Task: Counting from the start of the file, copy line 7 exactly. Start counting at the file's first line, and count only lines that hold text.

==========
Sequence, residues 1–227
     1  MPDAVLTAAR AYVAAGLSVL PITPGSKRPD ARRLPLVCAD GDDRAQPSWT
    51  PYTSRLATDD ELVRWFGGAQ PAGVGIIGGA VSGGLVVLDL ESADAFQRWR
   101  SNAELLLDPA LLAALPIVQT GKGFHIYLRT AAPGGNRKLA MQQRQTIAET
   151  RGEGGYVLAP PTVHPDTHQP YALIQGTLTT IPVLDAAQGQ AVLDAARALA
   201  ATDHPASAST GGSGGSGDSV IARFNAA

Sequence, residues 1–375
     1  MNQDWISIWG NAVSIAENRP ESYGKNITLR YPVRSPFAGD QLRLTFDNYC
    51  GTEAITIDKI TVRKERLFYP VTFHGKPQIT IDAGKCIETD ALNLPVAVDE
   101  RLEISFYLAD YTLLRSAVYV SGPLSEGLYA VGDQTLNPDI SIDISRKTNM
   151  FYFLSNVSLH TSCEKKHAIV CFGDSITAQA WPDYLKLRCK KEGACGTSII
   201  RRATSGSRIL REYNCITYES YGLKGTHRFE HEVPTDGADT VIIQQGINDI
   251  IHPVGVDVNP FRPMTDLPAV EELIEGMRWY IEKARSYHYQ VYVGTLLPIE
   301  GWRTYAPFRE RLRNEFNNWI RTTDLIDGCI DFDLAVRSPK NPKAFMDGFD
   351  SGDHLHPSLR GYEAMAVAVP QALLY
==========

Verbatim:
Sequence, residues 1–375